Those are some powerful handcuffs. Now go underwater and try to break out while a crowd watches!

“Don’t despair” says the image.

The line is appealing to your brain that wants safety and protection.

Your brain doesn’t want you to move around WHEN you want to , WHERE you want to, work for WHO you want to. You have to chained to one place so you can feel “safe”. The American Dream.

“You too can achieve your dream of owning a home”.

Call them if you want a house with “no money down”.

So they are back.

Don’t be fooled by the marketing techniques of the $15 trillion American Dream industry (the mortgage industry).

It’s $15 TRILLION dollars for a reason.

When you don’t make your own choices, all you have left are excuses.

So a powerful industry will work hard to eliminate your excuses. They make you feel like they are your mother or father. “Don’t despair, honey..”

You DO NOT own that home any more than a renter does. In fact, the renter owns MORE of your home than you do.

If the renter needs plumbing, then YOU, the owner, need to scrape the crap and hair and condoms out of those pipes – who is master and who is servant in that scenario?

REMEMBER THAT YOU CAN ONLY LOSE WHAT YOU CLING TO.

And the American Dream wants you to cling to it. They want you to be afraid to lose it. But first they have to get you in.

“These are pretty handcuffs, aren’t they?”

Why do I write these articles. I ultimately don’t convince anyone at all.

Often people hate me when I write these articles and I don’t like to be disliked. Perhaps I cling too much to that. The wanting to be liked.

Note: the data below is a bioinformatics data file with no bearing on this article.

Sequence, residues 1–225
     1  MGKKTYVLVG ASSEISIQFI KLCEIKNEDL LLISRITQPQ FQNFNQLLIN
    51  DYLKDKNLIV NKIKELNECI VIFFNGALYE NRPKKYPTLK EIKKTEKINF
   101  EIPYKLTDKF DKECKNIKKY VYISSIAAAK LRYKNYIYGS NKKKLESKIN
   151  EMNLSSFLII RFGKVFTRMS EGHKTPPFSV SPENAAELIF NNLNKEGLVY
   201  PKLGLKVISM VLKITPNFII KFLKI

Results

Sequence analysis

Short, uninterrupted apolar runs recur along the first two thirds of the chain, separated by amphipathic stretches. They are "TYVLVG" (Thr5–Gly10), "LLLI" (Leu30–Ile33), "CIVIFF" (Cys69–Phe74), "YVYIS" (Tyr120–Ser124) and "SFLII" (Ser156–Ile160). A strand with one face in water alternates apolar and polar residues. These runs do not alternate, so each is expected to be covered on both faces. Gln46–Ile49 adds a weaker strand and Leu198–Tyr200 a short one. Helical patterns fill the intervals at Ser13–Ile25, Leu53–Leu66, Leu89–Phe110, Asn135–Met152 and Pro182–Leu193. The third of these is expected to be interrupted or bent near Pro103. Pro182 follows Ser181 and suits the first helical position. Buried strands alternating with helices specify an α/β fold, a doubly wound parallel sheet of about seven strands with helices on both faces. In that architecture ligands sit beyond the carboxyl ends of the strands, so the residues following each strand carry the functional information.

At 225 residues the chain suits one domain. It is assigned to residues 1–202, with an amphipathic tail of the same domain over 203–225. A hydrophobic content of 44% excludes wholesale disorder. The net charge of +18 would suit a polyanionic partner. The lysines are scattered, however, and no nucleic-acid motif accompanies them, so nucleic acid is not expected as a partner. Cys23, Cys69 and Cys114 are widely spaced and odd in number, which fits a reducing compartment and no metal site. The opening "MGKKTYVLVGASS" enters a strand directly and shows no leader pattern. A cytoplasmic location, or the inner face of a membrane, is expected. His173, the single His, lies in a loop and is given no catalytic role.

But my worst points of misery occurred on the long inevitable slope down when I lost two homes.

I saw my parents slip into depression when they lost a home. I saw so many of my friends panic and cry and get suicidal when they could no longer make payments.

I saw people give up on their job dreams and career aspirations when they were stuck paying a mortgage in a specific place that took them far from where there dreams would take them.

Of course there are anecdotes of people who bought in 1965 and made millions by 2005. Ok, there are anecdotes for everything.

But the average person only owns a home for 5 years and then has to figure out how to sell, move, and buy again.

Anyway. I was going to write about something completely different today.

I was going to write about how we each have a higher power and a lower power inside of us, pulling us in different directions.

One part of us wants to be free. Wants us to be free to help others, to be creative, to deliver value, to really fulfill our dreams in ways that would totally surprise us if we unleashed it.

The other part wants us to be chained. To cling to the stories we’ve been told all of our lives, “go to college”, “own a home”, “rise up in a job”, “vote for change”, “I can’t quit my job”, and so on.

Most of us live lives somewhere in the middle but it’s a constant struggle. I struggle with it.

It’s scary when I give up clinging to the people and things and stories I love. Then maybe I would be alone. Or hurt. I don’t know. I get scared.

But I am trying to get better from this mental illness.

Anyway, maybe I did write that article after all .

And there was no down payment to read this. And if you’re a real estate agent, please consider using your enormous talents to write poetry instead of smelting new handcuffs for your neighbors and lovers and friends and family.

To really achieve the American Dream, all you have to do is help other people achieve their dreams. TC mark